Kenneth Cohen


There are several punitive measures taken in the Torah, to make it clear that there is accountability if these laws are violated. It was up to the Jewish courts set up around the country to enforce these laws. The Torah believes in capital punishment, but rarely enforced it. This was due to many technicalities. But it was clear that there was great moral outrage to show the severity of these laws.

Only violations of the 365 negative commandments, carried with them consequences. The exception to this rule was the non offering of the Pesach sacrifice, and non performance of circumcision. These were the only two positive commandments, out of the 248, where a punishment was mentioned, and it was administered by the Heavenly court.

It is interesting to note that 207 out of the 365 negative commandments, were punished with lashes. The Torah uses the words, אם בן הכות הרשע, “if the evil one is worthy of lashes.” The word, בן, is pronounced as “BEEN,” rather than, “BEN.”
The Baal Haturim says that בן, is short for the word, בינה, meaning, insightful wisdom. This refers to the care given by the court to be sure that the transgressor would not die from the lashes.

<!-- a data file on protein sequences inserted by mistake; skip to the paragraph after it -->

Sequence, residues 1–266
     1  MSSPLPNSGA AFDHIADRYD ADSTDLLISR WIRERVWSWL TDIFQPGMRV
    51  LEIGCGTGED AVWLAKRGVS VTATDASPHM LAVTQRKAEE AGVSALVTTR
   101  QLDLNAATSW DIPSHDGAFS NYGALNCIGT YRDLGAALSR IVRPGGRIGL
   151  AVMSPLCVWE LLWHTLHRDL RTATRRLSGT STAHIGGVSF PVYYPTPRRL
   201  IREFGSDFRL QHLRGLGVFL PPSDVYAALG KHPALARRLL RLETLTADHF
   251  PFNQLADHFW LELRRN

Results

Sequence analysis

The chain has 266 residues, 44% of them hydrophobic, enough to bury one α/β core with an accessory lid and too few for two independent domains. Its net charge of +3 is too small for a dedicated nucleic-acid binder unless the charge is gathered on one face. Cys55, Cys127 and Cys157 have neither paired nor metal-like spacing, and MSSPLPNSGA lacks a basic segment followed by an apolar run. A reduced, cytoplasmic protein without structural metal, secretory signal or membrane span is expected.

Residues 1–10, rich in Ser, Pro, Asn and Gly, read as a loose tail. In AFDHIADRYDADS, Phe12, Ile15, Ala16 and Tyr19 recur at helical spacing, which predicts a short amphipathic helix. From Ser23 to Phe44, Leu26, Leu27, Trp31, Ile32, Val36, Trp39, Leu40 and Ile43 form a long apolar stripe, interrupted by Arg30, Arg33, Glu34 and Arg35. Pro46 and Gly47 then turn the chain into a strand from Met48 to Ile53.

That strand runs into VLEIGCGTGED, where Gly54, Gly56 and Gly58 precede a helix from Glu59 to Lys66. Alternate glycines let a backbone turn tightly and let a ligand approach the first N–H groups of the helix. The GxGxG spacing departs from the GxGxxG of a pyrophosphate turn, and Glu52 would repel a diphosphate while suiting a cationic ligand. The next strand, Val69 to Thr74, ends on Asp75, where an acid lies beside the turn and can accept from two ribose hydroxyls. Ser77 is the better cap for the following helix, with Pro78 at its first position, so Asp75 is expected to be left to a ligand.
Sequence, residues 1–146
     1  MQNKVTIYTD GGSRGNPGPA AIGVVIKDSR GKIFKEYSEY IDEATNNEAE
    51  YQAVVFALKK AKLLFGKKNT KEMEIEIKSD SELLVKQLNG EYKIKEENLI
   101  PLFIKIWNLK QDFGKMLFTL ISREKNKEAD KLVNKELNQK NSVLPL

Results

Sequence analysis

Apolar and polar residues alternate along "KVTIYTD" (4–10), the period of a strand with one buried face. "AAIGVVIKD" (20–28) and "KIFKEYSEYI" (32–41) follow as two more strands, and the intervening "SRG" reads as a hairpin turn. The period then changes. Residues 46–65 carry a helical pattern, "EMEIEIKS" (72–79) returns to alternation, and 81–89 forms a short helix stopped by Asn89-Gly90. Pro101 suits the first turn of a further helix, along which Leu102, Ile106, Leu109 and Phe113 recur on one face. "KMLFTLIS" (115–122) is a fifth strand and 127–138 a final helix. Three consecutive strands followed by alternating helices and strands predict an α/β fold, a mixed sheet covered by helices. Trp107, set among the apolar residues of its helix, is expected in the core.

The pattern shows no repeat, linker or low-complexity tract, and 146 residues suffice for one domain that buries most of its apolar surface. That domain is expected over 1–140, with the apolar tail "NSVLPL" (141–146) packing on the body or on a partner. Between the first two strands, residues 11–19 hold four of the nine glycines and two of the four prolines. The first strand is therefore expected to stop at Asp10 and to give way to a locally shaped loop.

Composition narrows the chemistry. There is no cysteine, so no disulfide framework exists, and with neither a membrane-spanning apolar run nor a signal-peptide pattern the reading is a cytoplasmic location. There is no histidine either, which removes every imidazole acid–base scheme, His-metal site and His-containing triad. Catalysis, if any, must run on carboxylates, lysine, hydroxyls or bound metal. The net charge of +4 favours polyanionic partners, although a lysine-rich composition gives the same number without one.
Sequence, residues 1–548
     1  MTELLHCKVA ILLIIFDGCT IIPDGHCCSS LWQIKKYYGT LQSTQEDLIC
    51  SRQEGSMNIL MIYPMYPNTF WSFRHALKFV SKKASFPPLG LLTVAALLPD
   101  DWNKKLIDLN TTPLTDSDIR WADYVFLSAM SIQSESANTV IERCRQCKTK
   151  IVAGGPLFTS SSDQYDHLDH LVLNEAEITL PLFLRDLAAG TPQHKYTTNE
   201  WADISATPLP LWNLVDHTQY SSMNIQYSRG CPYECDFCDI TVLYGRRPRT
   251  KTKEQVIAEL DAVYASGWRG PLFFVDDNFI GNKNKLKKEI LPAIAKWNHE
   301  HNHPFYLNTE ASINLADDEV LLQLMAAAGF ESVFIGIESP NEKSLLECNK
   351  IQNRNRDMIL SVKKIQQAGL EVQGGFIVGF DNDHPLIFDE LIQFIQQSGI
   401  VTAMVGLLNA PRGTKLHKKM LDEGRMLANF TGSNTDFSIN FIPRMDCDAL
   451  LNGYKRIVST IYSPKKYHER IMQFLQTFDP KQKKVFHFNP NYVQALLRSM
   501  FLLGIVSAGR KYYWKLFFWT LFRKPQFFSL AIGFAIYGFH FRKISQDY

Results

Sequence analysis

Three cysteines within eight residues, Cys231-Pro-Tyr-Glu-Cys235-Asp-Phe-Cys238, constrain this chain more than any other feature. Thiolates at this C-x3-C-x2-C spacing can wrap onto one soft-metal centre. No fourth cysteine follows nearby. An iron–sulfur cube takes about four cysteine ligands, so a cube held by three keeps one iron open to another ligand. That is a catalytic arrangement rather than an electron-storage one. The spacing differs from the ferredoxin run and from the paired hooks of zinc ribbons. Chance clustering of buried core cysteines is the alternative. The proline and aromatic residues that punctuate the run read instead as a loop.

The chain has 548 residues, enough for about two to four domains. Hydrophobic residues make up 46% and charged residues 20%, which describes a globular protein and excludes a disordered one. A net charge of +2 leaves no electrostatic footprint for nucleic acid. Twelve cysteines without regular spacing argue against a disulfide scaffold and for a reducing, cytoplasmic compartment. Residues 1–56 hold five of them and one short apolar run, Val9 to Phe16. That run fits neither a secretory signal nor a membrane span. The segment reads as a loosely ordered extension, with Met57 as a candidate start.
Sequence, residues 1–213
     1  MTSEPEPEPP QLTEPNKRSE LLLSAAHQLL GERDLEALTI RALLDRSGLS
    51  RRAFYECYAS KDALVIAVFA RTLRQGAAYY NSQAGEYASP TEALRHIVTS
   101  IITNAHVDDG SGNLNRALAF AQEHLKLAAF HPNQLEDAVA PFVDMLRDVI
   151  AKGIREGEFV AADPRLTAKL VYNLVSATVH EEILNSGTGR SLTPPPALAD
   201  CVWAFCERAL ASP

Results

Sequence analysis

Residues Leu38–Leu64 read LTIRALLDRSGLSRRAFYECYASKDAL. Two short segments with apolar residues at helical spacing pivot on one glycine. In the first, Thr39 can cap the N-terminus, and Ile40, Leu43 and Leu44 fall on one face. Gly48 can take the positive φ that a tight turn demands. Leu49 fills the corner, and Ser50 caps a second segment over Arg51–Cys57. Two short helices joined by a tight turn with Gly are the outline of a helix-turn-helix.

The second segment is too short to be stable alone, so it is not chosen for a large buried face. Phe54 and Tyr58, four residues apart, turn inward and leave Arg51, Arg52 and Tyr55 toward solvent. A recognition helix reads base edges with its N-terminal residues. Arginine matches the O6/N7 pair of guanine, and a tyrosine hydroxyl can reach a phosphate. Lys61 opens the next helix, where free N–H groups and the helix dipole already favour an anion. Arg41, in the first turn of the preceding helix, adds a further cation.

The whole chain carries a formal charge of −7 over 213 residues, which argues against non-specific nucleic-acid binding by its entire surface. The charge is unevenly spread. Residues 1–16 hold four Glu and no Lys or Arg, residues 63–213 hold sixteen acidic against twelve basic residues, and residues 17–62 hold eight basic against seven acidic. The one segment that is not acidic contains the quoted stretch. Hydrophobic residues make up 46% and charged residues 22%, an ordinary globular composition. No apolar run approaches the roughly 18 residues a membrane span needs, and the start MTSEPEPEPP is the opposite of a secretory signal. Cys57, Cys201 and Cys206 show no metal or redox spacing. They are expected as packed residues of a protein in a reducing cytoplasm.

They were given in multiples of three. The healthy sinner, would receive the full thirty-nine lashes, as prescribed by the Torah. The weaker ones could receive as little as three lashes, while others would be given according to the examination of the court doctor.

Reward and punishment is one of the basic principles of the Torah. While these laws apply only in a Torah society, studying its laws should impress upon us how we need to conduct our lives.

About the Author
Rabbi Cohen has been a Torah instructor at Machon Meir, Jerusalem, for over twenty years while also teaching a Talmud class in the Shtieblach of Old Katamon. Before coming to Israel, he was the founding rabbi of Young Israel of Century City, Los Angeles. He recently published a series of Hebrew language-learning apps, which are available at